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Old Fashioned Library

Nathan Bice


Nathan Bice

Data Science Manager: Emerging Talent

Rockstar Games

PhD, Philosophy

Columbia University

BA, Mathematics and Philosophy

University of Wisconsin: Madison

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I am currently the Data Science Manager of Emerging Talent at Rockstar Games. I am expanding and developing Rockstar's world-class data science and analytics team while also contributing to ongoing analytics projects. My main project is to build and lead a top-notch data science internship program.

I also have extensive academic experience in mathematics and philosophy and recently completed my PhD. Much of my academic work focuses on logic and the foundations of mathematics. I'm especially interested in the ways in which logic, mathematics, and formal languages (first-order logic, programming languages, etc.) relate to the structure and function of the mind. Naturally, I am very interested in artificial intelligence.

With that said, my interests stretch across most areas of philosophy. Much of my dissertation was motivated by my work on aspects of the structure of consciousness and some of my historical work on Immanuel Kant, both of which made appearances in the dissertation from time to time. I also have a strong interest in contemporary ethics. 

Over the past six years I have also worked as a Senior Data Scientist at Artefact, a Management Consultant and later a Senior Manager at American Express, and a Data Scientist at BDIPlus. 

Academic Research

Academic Research


Thoughts About Thoughts: The Structure of Fregean Propositions

This dissertation is about the structure of thought. Following Gottlob Frege, I define a thought as the sort of content relevant to determining whether an assertion is true or false. The historical component of the dissertation involves interpreting Frege’s actual views on the structure of thought. I argue that Frege did not think that a thought has a unique decomposition into its component senses, but rather the same thought can be decomposed into senses in a variety of distinct ways. I extend Frege’s position and use it to develop an account of the hierarchy of senses, the senses expressed by indexicals and demonstratives, and the distinction between logical and non-logical structure.


I also provide an original interpretation of some important aspects of Frege's initial publication on mathematical logic (the Begriffsschrift of 1879, which is widely regarded as containing the very first formal system of mathematical logic). Finally, I discuss various connections with the nature of meta-representation, our capacity for reflective judgment, some aspects of the structure of conscious experience, the way we perceive regions of space and durations of time, and our conscious awareness of our own perceptions and events of thinking.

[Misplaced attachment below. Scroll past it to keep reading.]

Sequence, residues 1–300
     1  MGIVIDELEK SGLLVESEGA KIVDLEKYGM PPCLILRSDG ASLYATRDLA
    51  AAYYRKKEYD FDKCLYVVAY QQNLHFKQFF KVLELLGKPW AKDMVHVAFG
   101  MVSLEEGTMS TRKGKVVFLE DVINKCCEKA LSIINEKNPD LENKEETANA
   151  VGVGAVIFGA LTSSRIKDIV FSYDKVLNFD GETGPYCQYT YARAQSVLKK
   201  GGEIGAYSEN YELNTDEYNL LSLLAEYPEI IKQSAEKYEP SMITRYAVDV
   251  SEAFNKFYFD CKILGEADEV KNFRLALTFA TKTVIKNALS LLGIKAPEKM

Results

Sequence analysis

Gottlob Frege is one of the most important figures in the history of mathematics and philosophy and arguably an essential precursor to computer science (via Russell/Whitehead, Gödel, and Turing). I believe he deserves wider recognition beyond philosophy, logic, and the history of mathematics. 

Recent Talks


"LLMs, Hallucinations, and Meta-Representation"

Association for Informal Logic and Critical Thinking (AILACT)

Panel Topic: The Uses and Limitations of ChatGPT in Critical Thinking, Argumentation and Elementary Logical Reasoning

Chair: Lloyd Carr (Rivier University)

Fellow Panelists: Jeff Buechner (Rutgers University---Newark and The Saul Kripke Center, CUNY, The Graduate Center), Ned Hall (Harvard University)

Discussant: Adam Elga (Princeton University)

American Philosophical Association Eastern Division Meeting, January 17, 2024


"The Value of Kant's Concept of an Object for Contemporary Realists and Idealists Alike"

Existence, Cognition, Action: Kant's Legacy for the 21st Century

University of Belgrade, March 2, 2023

Works in Progress

The Decomposition of Thought

This essay is a heavily-modified version of the first chapter of my dissertation. I haven't decided whether to submit it for publication. Here is the abstract: 


This paper defends an interpretation of Gottlob Frege’s views on the structure of thought. I argue that Frege did not think that a thought has a unique decomposition into its component senses, but rather the same thought can be decomposed into senses in multiple, distinct ways. These multiple decompositions will often have distinct logical forms. I also argue against Michael Dummett and others that Frege was committed to the sense of a predicate being a function from the sense of a name (or names) to a complete thought. I defend my Frege interpretation against a puzzle often discussed in the Frege literature; namely, that the Multiple Decompositions Thesis is incompatible with Frege’s stated view that a thought is built up out of its component senses as parts. I provide textual evidence and argument that Frege thought of the part/whole relation in such a way that a whole can be analyzed into (or built up out of) parts in multiple, distinct ways, thus dissolving the puzzle. I conclude with discussion of every sort of example of multiple decompositions that can be found in Frege's work.